Since August of last year, Jam-Dex has been undergoing pilot testing. Thus, they distributed the equivalent of $16 to each test participant. 

Also, this CBDC works under a hybrid distribution model. The Central Bank of Jamaica will issue Jam-Dex to commercial banks and other authorized financial institutions. These entities will distribute the currency to the retail market.

Although the government created this CBDC to increase financial inclusion, users are concerned about the censorship power that governments could acquire:

Other countries are planning to launch their CBDCs

According to CBDC Tracker, over 100 countries currently have a pilot, proof of concept, research, and canceled CBDCs status. In addition to the two CBDCs that have already been successfully launched.

Among the countries that are piloting their CBDCs, we find China. Since 2020 the digital yuan has been tested, but cryptocurrencies are still prohibited in the territory. For this reason, the digital yuan does not use DLT either. 

CBDC countries status
Central Bank Digital Currencies (CBDCs) Status/ CBDC Tracker

Countries such as France, Nigeria, Canada, and South Africa are also running a pilot test. And Taiwan, South Korea, Israel, Iran, Brazil, Japan, Russian Federation, Thailand, and Ukraine are currently on a proof of concept of their CBDCs. 

About 70 other territories are researching to launch their digital currencies. Also, Singapore, Ecuador, Denmark, Haiti, and the Philippines canceled projects around CBDCs.

Cryptocurrencies or CBDCs, which is better? 

In theory, CBDCs seem like a noticeable upgrade to countries’ financial systems. By 2022, 90% of central banks worldwide are researching to create their CBDCs, according to the Bank for International Settlements (BIS). These currencies could be more beneficial for payments than traditional means (such as cash and electronic transfers).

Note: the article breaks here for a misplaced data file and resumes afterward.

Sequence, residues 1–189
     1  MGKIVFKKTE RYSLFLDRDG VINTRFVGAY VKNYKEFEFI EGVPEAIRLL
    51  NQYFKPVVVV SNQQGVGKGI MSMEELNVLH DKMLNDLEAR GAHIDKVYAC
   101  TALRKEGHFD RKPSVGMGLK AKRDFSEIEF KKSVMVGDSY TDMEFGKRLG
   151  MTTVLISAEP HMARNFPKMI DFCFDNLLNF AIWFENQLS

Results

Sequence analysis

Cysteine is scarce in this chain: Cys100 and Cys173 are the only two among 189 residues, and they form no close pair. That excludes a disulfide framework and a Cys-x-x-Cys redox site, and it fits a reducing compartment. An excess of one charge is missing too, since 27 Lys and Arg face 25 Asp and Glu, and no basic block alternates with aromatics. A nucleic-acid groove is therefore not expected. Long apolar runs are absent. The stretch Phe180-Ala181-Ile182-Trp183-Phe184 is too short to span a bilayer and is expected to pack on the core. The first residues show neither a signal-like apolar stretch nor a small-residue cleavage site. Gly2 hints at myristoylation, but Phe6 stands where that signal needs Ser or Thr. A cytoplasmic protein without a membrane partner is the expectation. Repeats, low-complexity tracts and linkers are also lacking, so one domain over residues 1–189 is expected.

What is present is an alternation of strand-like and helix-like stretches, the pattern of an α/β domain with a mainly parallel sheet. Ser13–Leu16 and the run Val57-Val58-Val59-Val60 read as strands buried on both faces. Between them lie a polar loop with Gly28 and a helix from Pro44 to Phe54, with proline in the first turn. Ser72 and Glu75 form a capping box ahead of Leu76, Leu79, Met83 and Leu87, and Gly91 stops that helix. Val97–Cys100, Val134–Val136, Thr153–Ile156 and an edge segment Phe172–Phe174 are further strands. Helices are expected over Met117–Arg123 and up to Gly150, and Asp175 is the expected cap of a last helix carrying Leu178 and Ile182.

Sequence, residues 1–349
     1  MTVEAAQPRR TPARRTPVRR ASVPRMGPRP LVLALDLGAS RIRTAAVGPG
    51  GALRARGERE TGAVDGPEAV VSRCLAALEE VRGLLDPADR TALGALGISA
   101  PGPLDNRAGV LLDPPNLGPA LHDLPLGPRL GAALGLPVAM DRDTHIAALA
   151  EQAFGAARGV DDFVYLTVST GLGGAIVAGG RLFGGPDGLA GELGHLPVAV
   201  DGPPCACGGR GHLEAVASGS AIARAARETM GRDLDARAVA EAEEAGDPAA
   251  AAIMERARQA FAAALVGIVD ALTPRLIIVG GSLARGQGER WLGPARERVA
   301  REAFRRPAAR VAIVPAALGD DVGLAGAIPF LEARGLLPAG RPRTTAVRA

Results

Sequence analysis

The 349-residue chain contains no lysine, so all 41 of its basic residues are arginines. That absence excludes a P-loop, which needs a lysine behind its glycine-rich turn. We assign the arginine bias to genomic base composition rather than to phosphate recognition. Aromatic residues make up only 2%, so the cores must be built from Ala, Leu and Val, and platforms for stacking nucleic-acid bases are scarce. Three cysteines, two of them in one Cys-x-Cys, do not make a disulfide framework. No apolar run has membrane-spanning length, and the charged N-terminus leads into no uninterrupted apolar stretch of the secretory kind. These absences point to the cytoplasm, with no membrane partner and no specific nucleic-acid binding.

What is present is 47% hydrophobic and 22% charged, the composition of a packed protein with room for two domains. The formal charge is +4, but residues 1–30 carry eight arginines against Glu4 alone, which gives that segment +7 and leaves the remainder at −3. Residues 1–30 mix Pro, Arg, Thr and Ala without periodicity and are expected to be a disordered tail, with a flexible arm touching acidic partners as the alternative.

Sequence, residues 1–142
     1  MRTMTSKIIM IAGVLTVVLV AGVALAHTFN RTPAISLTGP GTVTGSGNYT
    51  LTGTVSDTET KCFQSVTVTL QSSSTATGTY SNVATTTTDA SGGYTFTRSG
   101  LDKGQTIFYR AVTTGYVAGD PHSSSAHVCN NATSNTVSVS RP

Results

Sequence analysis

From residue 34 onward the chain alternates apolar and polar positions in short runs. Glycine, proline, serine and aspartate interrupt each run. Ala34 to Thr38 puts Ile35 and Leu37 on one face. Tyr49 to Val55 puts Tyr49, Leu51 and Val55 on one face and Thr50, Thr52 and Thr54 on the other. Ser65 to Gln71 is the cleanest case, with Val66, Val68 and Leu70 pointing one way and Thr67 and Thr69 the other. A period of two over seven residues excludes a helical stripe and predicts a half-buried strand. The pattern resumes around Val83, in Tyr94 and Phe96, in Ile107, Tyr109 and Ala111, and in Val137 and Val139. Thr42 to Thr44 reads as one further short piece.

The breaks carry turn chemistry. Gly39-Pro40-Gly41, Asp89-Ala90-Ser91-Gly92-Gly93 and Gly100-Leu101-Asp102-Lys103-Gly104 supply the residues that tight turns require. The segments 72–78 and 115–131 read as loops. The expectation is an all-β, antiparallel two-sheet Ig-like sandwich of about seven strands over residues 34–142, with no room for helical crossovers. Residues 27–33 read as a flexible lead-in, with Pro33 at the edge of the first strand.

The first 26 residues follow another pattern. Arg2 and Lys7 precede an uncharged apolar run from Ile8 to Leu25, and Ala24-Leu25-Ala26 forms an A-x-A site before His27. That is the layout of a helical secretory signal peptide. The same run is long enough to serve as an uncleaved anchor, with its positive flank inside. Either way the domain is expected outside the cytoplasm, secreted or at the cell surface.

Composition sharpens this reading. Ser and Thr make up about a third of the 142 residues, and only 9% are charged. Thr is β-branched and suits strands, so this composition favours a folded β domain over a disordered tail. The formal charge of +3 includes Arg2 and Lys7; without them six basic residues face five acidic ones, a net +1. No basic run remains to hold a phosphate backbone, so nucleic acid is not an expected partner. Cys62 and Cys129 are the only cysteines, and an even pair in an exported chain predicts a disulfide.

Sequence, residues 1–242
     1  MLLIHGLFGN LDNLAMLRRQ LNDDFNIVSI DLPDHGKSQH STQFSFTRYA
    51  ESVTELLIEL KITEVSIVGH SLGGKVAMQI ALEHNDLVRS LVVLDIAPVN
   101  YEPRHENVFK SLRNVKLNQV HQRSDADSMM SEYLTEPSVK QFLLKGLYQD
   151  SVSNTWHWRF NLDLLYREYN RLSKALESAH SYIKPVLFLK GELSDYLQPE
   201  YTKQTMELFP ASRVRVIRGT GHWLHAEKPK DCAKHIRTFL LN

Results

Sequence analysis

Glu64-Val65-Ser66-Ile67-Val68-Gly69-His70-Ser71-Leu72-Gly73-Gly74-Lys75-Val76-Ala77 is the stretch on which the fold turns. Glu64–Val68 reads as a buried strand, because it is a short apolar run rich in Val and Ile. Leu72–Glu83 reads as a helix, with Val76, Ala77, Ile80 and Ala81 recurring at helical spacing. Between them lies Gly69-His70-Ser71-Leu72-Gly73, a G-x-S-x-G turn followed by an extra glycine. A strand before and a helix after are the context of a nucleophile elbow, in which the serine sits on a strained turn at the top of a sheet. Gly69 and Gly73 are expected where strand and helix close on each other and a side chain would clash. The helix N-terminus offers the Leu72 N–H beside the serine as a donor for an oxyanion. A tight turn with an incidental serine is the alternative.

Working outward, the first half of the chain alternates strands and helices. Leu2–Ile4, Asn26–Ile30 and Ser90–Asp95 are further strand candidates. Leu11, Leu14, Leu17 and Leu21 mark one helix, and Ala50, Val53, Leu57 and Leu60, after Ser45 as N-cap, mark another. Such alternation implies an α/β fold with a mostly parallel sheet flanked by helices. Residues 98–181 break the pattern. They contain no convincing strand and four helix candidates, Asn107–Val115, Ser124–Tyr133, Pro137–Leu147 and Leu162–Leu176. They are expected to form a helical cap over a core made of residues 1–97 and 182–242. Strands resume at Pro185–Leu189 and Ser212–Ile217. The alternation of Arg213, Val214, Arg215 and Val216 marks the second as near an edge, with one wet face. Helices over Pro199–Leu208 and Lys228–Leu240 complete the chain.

For the BIS, a CBDC would provide continued access to central bank money, operational resilience, payment diversity, financial inclusion, easier fiscal transfers, and more effortless cross-border payments.

Crypto-offline-tokens-bitcoin

However, they inherit the main problem of traditional money: they lack freedom. With CBDCs, users do not own their money, which the central bank controls. Thus, unlike cryptocurrencies such as Bitcoin (BTC) or Ethereum (ETH), CBDCs are susceptible to government censorship and bans. Let’s not forget that central banks can decide when to cancel the project or increase costs, as in the Avant smart card system case.

We know of cases in which bad decisions by governments could harm the financial system, along with a decrease in economic activity and employment. That is another of the dangers faced by countries that undertake the task of using their own CBDCs, according to the Bank Policy Institute (BPI).


Wanna trade Bitcoin (BTC), Ethereum (ETH) and other tokens? You can do it safely on Alfacash! And don’t forget we’re talking about this and a lot of other things on our social media.

Telegram * Facebook * Instagram * YouTube *Twitter

Author

Working to make a decentralized world. Philologist and psychology student. I have been writing about cryptocurrencies since 2017. Literature, coffee, and cryptos.

Write A Comment

en_USEnglish